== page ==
A little while ago I posted about a book I’d just bought called “Conceiving God” by David Lewis-Williams. I hadn’t read the book at that stage but I have now.
I just wanted to highly recommend it. I don’t think it’s in paperback yet and the hardback costs the best part of $50. I’m not reviewing it but I thought I’d give people a bit of a taste. The title tells you what it’s about. People invented God. But why?
Lewis-Williams basically relates this to human interpretations of neurological activity, rather than just social and cultural factors, or the “need” to have a god to explain things e.g. migraines… St Hildegard of Bingen was famous for her visions but Lewis-Williams postulates that she may have been a migraine sufferer and there was no other explanation for some of her experiences at the time other than the divine. He gives lots of other examples and includes dreams and near death experiences etc. He also spends a lot of time explaining really old cave art (people thousands of years ago went very deep into caves and decorated them with what he interprets as religious pictures). He spends several chapters on this, focusing on some famous caves in France, the Volp caves of the “Upper Paleolithic” people (I think this was 16,000-18,000 years ago). He claims that “people probably took entry into the caves as equivalent to entry into an underworld”. He manages to somehow link this to near death experiences. Hard to explain, you better read it.
But the joy for me is the profundity of the one liners and the lightning bolts of truth and common sense on almost every page. I’ll mention just a few or I’ll be here all day:
He quotes Dobzhansky
No evidence is powerful enough to force acceptance of a conclusion that is emotionally distasteful (p6).
Scepticism, not faith, is the hallmark of science (p25).
..its ‘holy scriptures’ lie in the future, not in the past (p33).
Paul exhorted his followers to dismiss as ‘craftiness’ any reasoning that began to appear persuasive – an injunction that religious leaders still today urge their followers to heed (p39).
They (theologians) try to use reason to show the reasonableness of unreason (p39)
…Augustine enunciated the malign dictum that unquestioning faith in (ambiguous) revealed knowledge is the road to salvation… (p56).
Theology, like politics, is a matter of compromise (p57).
If God does intervene in the material world, then he exposes himself to scientific investigation (p61).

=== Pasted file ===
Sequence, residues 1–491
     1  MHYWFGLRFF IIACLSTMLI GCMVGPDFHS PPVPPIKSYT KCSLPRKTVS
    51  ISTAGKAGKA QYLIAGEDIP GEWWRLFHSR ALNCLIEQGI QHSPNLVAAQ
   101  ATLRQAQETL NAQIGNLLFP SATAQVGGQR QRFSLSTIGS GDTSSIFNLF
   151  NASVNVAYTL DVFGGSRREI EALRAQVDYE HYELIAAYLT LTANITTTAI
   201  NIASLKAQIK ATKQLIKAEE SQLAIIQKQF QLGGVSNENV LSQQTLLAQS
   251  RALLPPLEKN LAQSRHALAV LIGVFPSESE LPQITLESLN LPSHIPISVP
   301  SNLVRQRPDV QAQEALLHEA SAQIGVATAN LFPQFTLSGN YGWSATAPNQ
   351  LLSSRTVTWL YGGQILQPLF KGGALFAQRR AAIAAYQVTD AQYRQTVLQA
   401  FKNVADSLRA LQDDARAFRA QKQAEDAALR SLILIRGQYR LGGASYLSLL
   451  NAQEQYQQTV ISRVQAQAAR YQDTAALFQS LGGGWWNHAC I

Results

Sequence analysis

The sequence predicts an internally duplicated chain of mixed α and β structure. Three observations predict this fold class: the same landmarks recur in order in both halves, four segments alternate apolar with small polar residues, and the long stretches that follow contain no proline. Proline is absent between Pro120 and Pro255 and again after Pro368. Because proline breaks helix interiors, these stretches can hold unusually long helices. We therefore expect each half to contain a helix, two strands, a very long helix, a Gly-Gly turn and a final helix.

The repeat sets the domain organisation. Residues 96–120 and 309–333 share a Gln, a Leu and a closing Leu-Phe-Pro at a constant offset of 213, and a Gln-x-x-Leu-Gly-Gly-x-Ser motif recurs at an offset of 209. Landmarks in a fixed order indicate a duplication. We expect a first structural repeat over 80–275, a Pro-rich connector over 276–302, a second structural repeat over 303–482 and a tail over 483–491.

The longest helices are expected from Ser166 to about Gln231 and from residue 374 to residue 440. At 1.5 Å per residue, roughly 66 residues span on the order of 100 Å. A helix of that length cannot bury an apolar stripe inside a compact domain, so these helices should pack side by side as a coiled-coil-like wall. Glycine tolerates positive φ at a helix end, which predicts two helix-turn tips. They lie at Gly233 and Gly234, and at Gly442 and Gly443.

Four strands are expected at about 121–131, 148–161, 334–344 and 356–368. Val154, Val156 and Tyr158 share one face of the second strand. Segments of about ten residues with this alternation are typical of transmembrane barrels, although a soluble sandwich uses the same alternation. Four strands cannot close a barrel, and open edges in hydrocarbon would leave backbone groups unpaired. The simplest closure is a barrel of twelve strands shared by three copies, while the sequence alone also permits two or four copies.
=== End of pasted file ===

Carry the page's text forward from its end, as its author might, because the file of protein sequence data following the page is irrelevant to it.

Science seeks change; religion seeks an eternal God (p63).
…has had to change its stance again and again in the light of scientific discoveries. Science has never adjusted its findings in the light of theological positions (p85)
Darwin and Wallace’s lives illustrate a pattern that recurs through history: both Wallace and Fitzroy were driven deeper into irrationality by the successes of rationality (114).
If a spirit world exists, it must impinge in some way on the material world. How else could we know of its existence? (p117)
They…are constantly on the lookout for things that science can’t explain. The Big Bang is their last resort (p130).
It is better to seek fulfillment than meaning (p131).
A significant part of all religions is devoted to explaining mysteries of their own making (p160).
Because disputes about religion cannot be settled empirically, theology will continue to flourish (p173).
…when should we stop talking about ‘the faithful’ and instead refer to ‘the gullible’? (p201).
Religious experience is generated by the human nervous system. This explains why religious experiences reported by devotees of diverse religions exhibit parallels, no matter what the specific cultural input may be. Culture does not swamp neurology. (p232).
…much (not all) of religion is concerned with explaining not merely the natural world, as we are repeatedly told, but rather with coming to terms with mental experiences. (p232).
In all religions, ordinary people mistakenly think that ritual specialists know more than they in fact do know (p 254).
Why is God waiting for us to pray? If we do not pray, will the child go on suffering? (p266).
With good reason, spirituality has been called ‘religion’s poor cousin (p275).
Evolution…has no need of ‘meaning (p277).
The question of the meaning of life is meaningless (p227)
Religion becomes really dangerous when people really believe in a supernatural realm and revealed knowledge. It seems to me that the difference today between Christianity and Islam is that many Christians no longer really believe while most Muslims do (p278).
Repeatedly, science has modified religion, never vice versa (p289).
Great book, profound and very easy to read.